[ RadSafe ] CT scans dangerous? -ALARA
radproject at sbcglobal.net
Thu Nov 8 11:54:56 CST 2007
I have not been following this thread carefully, and do not know if my point below has been made in some manner.
While ALARA, per se is not applied to the dose delivered in a given radiation diagnostic procedure, there is a real issue if there is significant total excess dose delivered to the US public due to the issue raised below.
In 1979, Dr.. John Villforth, then head of the FDA Bureau of Radiological Health [BRH], testified before Congress that by the FDA BRH estimate one-third of all medical radiation exposure was "unnecessary". Dr. Villforth was considering the problem with retakes due to use of improper technique, tests being ordered without proper indications for a given procedure, etc., etc.
If Dr. Villforth's rough estimate still holds, fully one-third of all medical diagnostic radiation integrated dose yields no useful diagnostic information. This sum amounts to very approximately 2 million person-rem per year of "unnecessary" radiation dose in the US alone.
Does anyone have any information that Dr. Villforth's one-third "unnecessary" diagnostic radiation exposure is no longer applicable??
There is NO other source of excess useless radiation exposure to the US public than what Dr. Villforth cites. Is this excess radiation dose due to poor practice in medical applications in a broad sense ALARA? Should something be done or set as a goal to reduce "unneccessary" radiation exposure in diagnostic radiology?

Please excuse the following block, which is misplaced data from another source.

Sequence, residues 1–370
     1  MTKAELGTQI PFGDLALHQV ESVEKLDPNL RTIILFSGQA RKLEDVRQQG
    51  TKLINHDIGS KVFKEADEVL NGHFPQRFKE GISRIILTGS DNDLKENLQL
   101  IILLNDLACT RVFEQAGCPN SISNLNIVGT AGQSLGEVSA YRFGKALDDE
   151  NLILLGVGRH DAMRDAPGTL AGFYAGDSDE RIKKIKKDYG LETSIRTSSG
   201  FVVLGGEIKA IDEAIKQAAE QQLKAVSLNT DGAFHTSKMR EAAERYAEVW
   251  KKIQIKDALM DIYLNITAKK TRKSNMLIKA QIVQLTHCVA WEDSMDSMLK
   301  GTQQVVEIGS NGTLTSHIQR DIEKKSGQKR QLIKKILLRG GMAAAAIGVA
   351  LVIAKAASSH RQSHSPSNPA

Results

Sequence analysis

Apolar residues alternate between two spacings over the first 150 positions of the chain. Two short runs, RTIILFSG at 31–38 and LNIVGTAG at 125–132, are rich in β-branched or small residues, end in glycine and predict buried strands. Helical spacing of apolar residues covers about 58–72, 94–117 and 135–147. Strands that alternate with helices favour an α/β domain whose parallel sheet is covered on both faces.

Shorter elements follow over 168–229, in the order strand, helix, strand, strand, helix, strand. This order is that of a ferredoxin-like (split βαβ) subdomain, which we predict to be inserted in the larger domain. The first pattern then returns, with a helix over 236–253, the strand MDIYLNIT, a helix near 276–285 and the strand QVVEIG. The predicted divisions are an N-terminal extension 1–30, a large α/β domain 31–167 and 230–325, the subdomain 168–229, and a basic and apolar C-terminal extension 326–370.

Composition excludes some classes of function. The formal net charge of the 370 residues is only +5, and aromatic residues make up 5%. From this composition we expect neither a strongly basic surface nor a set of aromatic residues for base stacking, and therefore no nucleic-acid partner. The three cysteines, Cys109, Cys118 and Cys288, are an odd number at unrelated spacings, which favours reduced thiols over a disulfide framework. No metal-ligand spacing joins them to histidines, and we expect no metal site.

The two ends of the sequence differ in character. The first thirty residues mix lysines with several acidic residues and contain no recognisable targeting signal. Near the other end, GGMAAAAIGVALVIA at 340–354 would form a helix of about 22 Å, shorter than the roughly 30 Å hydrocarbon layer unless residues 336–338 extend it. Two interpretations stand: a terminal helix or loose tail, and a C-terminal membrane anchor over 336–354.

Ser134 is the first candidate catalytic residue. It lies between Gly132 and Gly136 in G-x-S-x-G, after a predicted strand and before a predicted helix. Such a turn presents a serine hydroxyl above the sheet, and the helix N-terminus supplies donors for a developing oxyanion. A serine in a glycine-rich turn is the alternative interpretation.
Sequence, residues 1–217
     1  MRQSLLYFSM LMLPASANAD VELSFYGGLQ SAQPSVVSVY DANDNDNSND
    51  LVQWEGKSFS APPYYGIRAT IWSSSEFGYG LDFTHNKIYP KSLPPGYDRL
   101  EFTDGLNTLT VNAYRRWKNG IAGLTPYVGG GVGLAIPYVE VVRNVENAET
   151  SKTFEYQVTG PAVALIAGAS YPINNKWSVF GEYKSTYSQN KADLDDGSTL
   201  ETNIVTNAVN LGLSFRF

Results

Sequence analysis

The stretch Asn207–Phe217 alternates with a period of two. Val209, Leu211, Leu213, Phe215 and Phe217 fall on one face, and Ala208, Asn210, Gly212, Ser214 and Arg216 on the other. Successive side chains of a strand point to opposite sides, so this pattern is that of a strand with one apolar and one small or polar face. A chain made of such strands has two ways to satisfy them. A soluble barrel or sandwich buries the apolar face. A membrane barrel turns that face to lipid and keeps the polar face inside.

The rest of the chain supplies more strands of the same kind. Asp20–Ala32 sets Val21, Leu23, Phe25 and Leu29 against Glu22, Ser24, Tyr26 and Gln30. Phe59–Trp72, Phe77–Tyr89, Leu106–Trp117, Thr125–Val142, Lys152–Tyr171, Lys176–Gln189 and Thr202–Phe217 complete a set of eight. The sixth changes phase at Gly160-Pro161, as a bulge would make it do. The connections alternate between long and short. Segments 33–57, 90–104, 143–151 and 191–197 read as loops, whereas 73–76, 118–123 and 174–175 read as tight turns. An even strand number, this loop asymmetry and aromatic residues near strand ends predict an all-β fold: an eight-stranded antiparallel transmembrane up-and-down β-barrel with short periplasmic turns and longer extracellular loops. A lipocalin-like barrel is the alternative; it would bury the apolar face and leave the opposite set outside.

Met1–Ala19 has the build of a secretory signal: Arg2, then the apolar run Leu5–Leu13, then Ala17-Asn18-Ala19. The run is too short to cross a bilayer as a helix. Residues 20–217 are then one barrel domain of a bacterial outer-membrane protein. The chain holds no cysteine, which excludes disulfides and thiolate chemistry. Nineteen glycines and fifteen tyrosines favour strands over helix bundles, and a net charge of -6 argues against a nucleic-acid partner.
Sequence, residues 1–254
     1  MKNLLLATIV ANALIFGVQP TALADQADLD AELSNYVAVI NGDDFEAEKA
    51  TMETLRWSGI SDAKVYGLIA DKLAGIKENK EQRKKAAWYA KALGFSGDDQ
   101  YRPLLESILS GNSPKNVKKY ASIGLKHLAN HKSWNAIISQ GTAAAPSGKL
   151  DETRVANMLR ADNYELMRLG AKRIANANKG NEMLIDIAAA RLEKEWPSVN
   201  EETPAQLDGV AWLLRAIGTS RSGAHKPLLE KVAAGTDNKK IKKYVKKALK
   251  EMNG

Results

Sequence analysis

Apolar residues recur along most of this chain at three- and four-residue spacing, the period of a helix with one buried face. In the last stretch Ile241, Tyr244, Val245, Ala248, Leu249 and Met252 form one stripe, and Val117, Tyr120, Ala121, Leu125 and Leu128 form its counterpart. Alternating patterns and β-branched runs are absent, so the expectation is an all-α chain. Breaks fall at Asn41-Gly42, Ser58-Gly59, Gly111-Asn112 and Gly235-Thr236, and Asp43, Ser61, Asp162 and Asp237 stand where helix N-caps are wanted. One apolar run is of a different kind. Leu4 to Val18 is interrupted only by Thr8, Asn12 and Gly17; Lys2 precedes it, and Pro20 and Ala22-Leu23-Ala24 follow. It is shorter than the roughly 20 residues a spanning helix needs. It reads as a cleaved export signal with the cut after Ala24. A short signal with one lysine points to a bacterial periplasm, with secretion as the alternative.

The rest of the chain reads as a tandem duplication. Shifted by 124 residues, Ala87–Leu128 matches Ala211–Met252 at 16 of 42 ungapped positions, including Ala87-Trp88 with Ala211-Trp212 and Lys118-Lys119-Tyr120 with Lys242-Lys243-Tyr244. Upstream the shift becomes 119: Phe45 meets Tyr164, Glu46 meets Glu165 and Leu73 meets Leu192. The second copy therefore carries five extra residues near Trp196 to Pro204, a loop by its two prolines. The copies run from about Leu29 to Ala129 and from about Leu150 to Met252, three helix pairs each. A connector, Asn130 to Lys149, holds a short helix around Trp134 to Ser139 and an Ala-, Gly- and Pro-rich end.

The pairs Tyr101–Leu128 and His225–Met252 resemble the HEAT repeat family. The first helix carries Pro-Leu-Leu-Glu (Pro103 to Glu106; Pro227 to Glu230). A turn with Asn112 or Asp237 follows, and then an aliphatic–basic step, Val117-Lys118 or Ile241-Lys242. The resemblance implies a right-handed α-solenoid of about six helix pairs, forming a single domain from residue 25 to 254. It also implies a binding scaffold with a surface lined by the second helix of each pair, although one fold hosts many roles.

As a simple comparison, the TMI accident caused about 1,000 person-rem of total integrated population exposure. Thus the excess wasted dose in routine medical testing per year cited by Dr. Villforth is equal to 2,000 TMI scale accidents per year in the US --year in year out.
Stewart Farber, MS Public Health
Farber Medical Solutions, LLC
Linac & Medical Instrumentation Brokerage
1285 Wood Ave.
Bridgeport, CT 06604
 441-8433 [Office]
 522-2817 [Cell]
 367-0791 [Fax]
email: radproject at sbcglobal.net
----- Original Message -----
From: "John Jacobus" <crispy_bird at yahoo.com>
To: <radsafe at radlab.nl>
Sent: Thursday, November 01, 2007 9:09 PM
Subject: RE: [ RadSafe ] CT scans dangerous?
> ALARA does not and should not apply to medical
> exposures. ALARA principles are used to reduce the
> risk of harmful effects associated with radiation
> exposures. In medicine, the patient is frequently
> already at risk from harm due to disease or injury.
> Radiation, surgery, prescribed drugs, etc., all have
> the potential to improve the patents' health and
> quality of life.
> While physicians are probably not trained in the risks
> of radiation exposure, drug interactions, etc. they
> assume total responsibility for the patient under
> their care.
> --- "Brunkow, Ward" <ward.brunkow at wipp.ws> wrote:
>> Good issue to bring up. I think the answer is as it
>> has been for
>> >ALARA principal is not observed well within the
>> medical community
>> >Dr.s aren't trained well in radiation safety and
>> therefore prescribe
>> diagnostic use freely
>> >I think the older CT scanners were giving 12 -20
>> Rem acute exposure at
>> times, especially upper and lower GI
>> >Not enough consideration given to rapidly dividing
>> cells, young people
>> >$$$$$$$$$$$$$$$$$$$$$$$$$$$, money driven yet, not
>> ethical to give
>> someone this exposure if there isn't significant
>> benefit, especially
>> younger person, but have to keep those bucks coming
>> >Too much "cook book" diagnosis in medical community
>> yet, diagnostic
>> (therapeutic for that matter also) radiation
>> exposure used too freely.
>> The Prescribe and move on to the next one....
>> W. G. (Ward) Brunkow
>> DOE Contractor (former Medical School RSO)
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